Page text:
Forgiveness, part 3: When Others Have Wronged You

Someone I care about stole from me today.

There.

I said it.

I’m still trying to process this fact, and I am grieving the loss of trust in this relationship.

I am hurt and angry.

This is certainly not the first time I have been wronged by a friend. It is certainly not the worst situation.

And yet, I am struggling more with this situation than other situations.

Why?

Because in my flesh, I do not feel inclined to forgive this person.

I’m just being honest here.

(Don’t yell at me: read the whole post.)

In spite of all my health stuff, I still try to minister to others. To be a blessing. To help where and if I can.

I have gone out of my way, bent over backwards, to be supportive of this person. I’ve given precious resources of time, money, and energy to help him.

When I confronted him about the theft, he made excuses.

There was no repentance. No admission that he had done anything wrong.

In my humanness, my sinfulness, I want to write this person off and exclude him from my life.

Due to circumstances beyond my control, complete cessation of interaction is not an option.

If I am going to interact with this person, I am going to do my best to do it in a way that honors the Lord.  

That means forgiving him.

I am the first person to admit that when something unpleasant or difficult happens in our lives it is because God is allowing that situation to grow us in Him to strengthen our character and make us more like Jesus.

This situation is no different.

Jesus was clear that we were supposed to forgive our enemies when they sin against us.  I know I can’t expect those who don’t know Jesus to be able to live godly lives, because they do not have the ability to live in his strength and power.

This person claims to be a believer.

The situations I struggle with the most are when the person claims to be of Christ but is unrepentant of sin when confronted according to pattern put forth in the Bible.

In case you’re unfamiliar with this bible pattern, I’ll explain.

 

When someone is in sin, according to scripture, those who are more mature or in leadership at the church are to go to that person and try to correct them by showing them chapter and verse what they have done wrong. If they will not listen, you return with another person to address the issue again. 

[Since we don’t attend church together and have very divergent views in our faith, I feel that taking him before the church is not an option. My forgiveness is not dependent on his repentance.]

If they still will not listen, you treat them like an unbeliever.

This basically means that you don’t have Christian fellowship with them anymore. It doesn’t mean that you have an excuse to gossip or mistreat them.

Since we are supposed to love even our enemies, we would be remiss if we treated the person harshly. Although they may think it harsh if we stop having fellowship with them.

But, that’s not really mistreating them.

The problem that is even bigger in my mind than removing fellowship is forgiveness.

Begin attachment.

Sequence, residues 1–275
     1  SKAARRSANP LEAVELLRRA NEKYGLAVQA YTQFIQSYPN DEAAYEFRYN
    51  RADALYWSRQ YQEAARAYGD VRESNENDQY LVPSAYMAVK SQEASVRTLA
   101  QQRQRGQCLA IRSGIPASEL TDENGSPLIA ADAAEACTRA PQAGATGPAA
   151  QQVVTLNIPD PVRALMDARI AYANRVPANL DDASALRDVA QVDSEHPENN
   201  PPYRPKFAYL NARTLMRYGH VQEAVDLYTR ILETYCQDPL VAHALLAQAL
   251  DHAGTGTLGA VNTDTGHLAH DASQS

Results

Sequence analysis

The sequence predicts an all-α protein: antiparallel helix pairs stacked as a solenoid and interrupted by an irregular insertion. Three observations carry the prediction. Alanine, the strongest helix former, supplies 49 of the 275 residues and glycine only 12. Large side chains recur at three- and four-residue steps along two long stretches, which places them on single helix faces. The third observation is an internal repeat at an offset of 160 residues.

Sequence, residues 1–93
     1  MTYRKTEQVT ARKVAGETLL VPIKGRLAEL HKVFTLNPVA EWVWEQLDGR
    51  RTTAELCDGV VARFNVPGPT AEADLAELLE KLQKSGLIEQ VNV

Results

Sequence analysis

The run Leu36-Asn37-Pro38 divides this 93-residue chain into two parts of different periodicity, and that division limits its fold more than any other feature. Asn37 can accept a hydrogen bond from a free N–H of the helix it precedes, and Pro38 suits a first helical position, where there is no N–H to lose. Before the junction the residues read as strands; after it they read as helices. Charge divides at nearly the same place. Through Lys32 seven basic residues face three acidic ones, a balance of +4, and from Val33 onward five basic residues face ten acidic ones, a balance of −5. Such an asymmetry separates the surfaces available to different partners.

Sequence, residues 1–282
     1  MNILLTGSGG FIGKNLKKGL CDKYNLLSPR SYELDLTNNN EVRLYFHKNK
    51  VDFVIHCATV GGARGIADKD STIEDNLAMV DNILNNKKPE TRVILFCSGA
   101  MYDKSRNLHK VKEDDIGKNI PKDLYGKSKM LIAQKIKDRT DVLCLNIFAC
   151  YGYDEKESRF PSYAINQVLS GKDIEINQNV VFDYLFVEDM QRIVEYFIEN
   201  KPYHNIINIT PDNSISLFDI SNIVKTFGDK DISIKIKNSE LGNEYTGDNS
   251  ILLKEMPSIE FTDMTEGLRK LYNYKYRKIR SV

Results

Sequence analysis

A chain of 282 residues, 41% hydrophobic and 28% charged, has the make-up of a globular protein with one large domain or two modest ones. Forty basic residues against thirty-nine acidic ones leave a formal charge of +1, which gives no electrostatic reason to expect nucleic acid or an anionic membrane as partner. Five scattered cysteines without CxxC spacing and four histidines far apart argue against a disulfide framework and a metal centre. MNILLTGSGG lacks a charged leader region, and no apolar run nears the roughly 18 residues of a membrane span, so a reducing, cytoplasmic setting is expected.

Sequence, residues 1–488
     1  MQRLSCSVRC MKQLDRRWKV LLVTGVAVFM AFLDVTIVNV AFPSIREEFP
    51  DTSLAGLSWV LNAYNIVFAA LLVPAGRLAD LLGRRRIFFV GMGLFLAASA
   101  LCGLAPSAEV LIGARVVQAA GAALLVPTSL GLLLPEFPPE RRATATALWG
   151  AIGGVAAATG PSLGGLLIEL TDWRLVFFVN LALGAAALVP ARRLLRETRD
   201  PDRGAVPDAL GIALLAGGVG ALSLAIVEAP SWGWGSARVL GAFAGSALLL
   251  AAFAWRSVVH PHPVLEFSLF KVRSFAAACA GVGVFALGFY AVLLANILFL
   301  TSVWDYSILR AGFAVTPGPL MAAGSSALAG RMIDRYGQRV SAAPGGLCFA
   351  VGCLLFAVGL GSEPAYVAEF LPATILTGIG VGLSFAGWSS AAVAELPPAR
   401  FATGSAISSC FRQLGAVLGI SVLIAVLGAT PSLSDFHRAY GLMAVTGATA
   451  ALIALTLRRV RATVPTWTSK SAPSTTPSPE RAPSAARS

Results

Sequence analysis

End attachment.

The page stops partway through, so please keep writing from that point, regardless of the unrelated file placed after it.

It is so hard to forgive when your trust has been broken.  

Yet, I am reminded that Christ forgave so much more from me than I could ever forgive from my friend.

My friend’s sins did not put me to death on a cross. Jesus even forgave those who crucified him.

Christs suffered far more justice than He calls me to suffer.

I spent the morning reading verses on forgiveness. Although I am not thrilled about how the chain reference part of my bible is organized, this is one time it came in very handy.

I was struck by 1 Corinthians 13 where it says that love keeps no record of wrongs. If I am supposed to treat everyone with love even my enemies, then my sinning Christian brother is no different.

Not recording and holding on to this wrong, this betrayal of trust, is really challenging me.

But, I know God brought me to this situation to learn to forgive.

So though His grace that’s what I am going to try to do.

The Parable of the unforgiving servant comes to mind. Jesus has forgiven me for so much! I demonstrate true thankfulness for what Christ has done for me by be willing to forgive others.

How many times am I to forgive? This person wronged me deeply, but only once. 

Just as there is no limit to God’s forgiveness, there should be no limit to mine.  

I am not saying this is easy.

Far from it, truth be told.

But, when I honestly consider how much I have been forgiven, how can I not also forgive my friend?

It doesn’t mean that I trust this person and will put him in a position that he can steal from me again.

That would be foolish, and God expects me to make wise choices.

Forgiveness means not reserving my right to be be angry or vengeful.

Vengeance belongs to God.

By the end of the day now, I believe I have reached a point of forgiveness.

But it has certainly been a growing experience.

I appreciate all the more what Jesus has done for me.

Blessings,

Sarah Forbes

Please follow and like us:

0 thoughts on “Forgiveness, part 3: When Others Have Wronged You

Leave a Comment

%d bloggers like this: